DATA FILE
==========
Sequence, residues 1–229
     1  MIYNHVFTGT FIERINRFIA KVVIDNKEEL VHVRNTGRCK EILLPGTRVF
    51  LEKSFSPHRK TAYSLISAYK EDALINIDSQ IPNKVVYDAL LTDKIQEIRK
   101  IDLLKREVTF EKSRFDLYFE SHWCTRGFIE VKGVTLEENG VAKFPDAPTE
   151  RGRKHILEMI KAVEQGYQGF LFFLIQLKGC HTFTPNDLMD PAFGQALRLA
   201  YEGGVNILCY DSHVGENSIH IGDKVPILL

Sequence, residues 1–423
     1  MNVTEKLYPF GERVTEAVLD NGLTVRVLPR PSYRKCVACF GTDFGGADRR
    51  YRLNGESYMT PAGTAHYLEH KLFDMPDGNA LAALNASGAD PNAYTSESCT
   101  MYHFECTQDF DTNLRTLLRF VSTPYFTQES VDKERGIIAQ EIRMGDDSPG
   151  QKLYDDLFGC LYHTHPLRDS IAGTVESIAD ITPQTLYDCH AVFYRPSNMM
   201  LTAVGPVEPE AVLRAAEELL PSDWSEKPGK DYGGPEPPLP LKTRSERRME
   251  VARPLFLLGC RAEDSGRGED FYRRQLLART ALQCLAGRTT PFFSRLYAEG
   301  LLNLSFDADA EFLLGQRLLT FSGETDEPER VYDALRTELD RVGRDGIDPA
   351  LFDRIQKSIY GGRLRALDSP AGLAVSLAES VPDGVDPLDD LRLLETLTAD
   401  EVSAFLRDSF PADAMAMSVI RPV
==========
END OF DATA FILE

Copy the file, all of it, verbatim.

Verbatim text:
Sequence, residues 1–229
     1  MIYNHVFTGT FIERINRFIA KVVIDNKEEL VHVRNTGRCK EILLPGTRVF
    51  LEKSFSPHRK TAYSLISAYK EDALINIDSQ IPNKVVYDAL LTDKIQEIRK
   101  IDLLKREVTF EKSRFDLYFE SHWCTRGFIE VKGVTLEENG VAKFPDAPTE
   151  RGRKHILEMI KAVEQGYQGF LFFLIQLKGC HTFTPNDLMD PAFGQALRLA
   201  YEGGVNILCY DSHVGENSIH IGDKVPILL

Sequence, residues 1–423
     1  MNVTEKLYPF GERVTEAVLD NGLTVRVLPR PSYRKCVACF GTDFGGADRR
    51  YRLNGESYMT PAGTAHYLEH KLFDMPDGNA LAALNASGAD PNAYTSESCT
   101  MYHFECTQDF DTNLRTLLRF VSTPYFTQES VDKERGIIAQ EIRMGDDSPG
   151  QKLYDDLFGC LYHTHPLRDS IAGTVESIAD ITPQTLYDCH AVFYRPSNMM
   201  LTAVGPVEPE AVLRAAEELL PSDWSEKPGK DYGGPEPPLP LKTRSERRME
   251  VARPLFLLGC RAEDSGRGED FYRRQLLART ALQCLAGRTT PFFSRLYAEG
   301  LLNLSFDADA EFLLGQRLLT FSGETDEPER VYDALRTELD RVGRDGIDPA
   351  LFDRIQKSIY GGRLRALDSP AGLAVSLAES VPDGVDPLDD LRLLETLTAD
   401  EVSAFLRDSF PADAMAMSVI RPV